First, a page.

Cybercrimes Bill – a positive step towards the regulation of cybercrimes in South Africa
Technology has become an indispensable part of modern life – it has significantly changed the way people communicate and do business. In a world and country where technology is dynamic in nature and is continuously evolving, South Africa has struggled to keep up with these developments and in regulating cyber security and cybercrimes.
Cyber-related incidents such as cybercrimes, IT related failures and data breaches have been rated as the number one risk to South African businesses according to the 2018 Allianz Risk Barometer report. South Africa is further a top target for cybercrime in Africa because of its high internet connectivity rates, attractive GDP per capita and poor levels of cyber security (especially in business).
At present, the current legal framework relating to cybercrime in South Africa is a hybrid of different pieces of legislation and the common law which has not kept up with the dynamic nature of technology and international standards. This prompted the need for the Cybercrimes Bill, which will, inter alia, consolidate and codify numerous existing offences relating to cybercrime as well as create a variety of new offences which do not currently exist in South African law.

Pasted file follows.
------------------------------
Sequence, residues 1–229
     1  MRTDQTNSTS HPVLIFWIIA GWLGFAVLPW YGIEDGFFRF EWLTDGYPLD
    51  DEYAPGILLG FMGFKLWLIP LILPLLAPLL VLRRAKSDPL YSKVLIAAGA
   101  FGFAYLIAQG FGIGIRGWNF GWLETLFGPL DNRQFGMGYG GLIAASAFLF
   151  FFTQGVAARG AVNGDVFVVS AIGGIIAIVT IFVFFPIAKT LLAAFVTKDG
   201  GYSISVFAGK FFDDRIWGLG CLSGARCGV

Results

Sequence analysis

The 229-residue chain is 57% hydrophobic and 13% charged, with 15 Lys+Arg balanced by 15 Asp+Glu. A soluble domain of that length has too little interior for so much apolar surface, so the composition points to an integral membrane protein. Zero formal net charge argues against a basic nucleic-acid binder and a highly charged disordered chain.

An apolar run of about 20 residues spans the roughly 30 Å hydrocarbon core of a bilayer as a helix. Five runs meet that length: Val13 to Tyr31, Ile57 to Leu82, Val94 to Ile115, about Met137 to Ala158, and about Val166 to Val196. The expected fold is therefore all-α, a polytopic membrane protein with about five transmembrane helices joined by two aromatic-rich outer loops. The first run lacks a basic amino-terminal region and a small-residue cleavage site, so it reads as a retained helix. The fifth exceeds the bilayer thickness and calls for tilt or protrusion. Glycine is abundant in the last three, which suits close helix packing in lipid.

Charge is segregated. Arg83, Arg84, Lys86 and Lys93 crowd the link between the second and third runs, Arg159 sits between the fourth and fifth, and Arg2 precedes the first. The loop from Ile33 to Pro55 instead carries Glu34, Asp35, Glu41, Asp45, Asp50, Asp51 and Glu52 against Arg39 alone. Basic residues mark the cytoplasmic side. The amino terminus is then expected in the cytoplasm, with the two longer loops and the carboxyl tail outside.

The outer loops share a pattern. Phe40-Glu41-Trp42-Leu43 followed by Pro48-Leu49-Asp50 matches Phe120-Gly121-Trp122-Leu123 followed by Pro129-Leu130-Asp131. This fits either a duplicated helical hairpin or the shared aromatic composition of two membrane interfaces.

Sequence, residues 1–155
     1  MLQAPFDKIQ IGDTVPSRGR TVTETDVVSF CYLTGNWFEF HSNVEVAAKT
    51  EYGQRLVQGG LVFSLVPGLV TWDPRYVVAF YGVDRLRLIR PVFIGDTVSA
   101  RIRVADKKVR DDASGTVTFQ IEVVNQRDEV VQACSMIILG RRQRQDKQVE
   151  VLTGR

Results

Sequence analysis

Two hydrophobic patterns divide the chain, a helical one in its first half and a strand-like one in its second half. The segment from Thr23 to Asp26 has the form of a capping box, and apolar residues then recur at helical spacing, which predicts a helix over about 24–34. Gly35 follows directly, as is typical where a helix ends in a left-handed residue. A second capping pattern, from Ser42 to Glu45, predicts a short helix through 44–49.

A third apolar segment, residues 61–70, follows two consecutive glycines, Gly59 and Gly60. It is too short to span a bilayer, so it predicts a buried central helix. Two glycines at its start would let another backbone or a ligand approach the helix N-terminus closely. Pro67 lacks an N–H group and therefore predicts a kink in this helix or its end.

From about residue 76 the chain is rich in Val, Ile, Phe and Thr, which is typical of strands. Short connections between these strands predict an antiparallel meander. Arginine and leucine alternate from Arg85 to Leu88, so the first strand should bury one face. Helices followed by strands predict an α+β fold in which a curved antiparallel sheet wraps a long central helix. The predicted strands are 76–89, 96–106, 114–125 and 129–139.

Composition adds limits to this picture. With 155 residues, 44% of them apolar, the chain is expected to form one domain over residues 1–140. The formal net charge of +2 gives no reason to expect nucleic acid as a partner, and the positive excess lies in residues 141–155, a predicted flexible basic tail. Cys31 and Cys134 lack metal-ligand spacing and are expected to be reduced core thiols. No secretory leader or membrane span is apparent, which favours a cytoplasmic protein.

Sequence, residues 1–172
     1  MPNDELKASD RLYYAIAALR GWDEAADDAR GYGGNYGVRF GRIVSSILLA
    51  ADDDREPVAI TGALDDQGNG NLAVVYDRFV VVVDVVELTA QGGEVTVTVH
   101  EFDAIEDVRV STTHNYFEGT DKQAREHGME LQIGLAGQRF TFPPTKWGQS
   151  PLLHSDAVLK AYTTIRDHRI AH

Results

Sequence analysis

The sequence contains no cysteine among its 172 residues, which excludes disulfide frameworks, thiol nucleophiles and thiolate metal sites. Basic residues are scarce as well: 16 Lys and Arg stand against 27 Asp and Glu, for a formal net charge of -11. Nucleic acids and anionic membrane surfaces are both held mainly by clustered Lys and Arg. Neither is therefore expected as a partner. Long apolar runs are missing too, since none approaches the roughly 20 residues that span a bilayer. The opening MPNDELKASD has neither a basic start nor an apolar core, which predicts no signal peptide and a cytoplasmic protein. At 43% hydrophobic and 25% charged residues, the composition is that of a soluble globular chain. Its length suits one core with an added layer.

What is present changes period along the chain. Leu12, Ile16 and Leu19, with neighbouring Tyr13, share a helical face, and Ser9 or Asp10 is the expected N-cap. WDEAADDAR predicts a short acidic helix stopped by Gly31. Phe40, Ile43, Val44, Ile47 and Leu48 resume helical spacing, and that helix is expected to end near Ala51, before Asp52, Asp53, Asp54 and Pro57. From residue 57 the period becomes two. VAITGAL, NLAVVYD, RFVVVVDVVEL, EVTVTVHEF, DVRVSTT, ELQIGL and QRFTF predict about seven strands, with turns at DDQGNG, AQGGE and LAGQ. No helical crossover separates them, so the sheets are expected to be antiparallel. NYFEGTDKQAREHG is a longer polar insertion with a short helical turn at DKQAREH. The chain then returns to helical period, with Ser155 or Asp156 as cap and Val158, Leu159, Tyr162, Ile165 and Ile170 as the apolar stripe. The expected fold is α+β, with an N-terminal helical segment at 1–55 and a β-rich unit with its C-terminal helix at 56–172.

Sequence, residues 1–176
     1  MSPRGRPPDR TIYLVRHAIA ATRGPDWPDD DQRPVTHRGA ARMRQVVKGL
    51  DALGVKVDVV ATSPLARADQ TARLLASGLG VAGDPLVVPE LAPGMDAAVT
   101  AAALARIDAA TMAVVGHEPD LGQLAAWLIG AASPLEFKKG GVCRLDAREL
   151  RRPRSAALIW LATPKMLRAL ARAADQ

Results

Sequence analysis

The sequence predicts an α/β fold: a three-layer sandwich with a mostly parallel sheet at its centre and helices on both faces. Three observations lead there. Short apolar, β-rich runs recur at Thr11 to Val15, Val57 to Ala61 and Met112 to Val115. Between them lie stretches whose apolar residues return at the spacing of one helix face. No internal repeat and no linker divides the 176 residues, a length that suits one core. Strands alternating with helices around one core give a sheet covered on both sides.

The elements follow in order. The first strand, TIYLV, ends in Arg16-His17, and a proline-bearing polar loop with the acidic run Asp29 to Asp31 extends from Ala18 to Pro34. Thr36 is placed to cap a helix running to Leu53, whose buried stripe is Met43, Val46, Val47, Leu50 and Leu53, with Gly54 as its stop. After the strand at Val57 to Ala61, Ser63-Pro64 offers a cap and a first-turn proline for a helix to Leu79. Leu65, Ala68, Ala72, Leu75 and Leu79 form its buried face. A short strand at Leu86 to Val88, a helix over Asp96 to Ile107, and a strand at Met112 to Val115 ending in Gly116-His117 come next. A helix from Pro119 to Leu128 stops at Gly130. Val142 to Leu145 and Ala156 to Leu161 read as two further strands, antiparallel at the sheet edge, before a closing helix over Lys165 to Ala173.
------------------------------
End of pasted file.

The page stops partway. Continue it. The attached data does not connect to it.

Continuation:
Old Bill vs New Bill
It is important to note that the version of the Cybercrimes Bill which was passed by the National Assembly in November 2018 (New Bill) differs quite substantially from the versions of the Bill published previously (Old Bill).
The Old Bill was divided broadly into two parts, namely cybercrimes and cybersecurity. The cybercrimes section, bar a few criticisms, was lauded however it was the proposed cybersecurity section which raised very serious concerns about the government’s encroachment on freedom of expression and freedom of the internet. It was argued that the Bill’s approach did not strike the right balance between the interest of the State in securing cyberspace and individual freedoms and rights. ..Read More..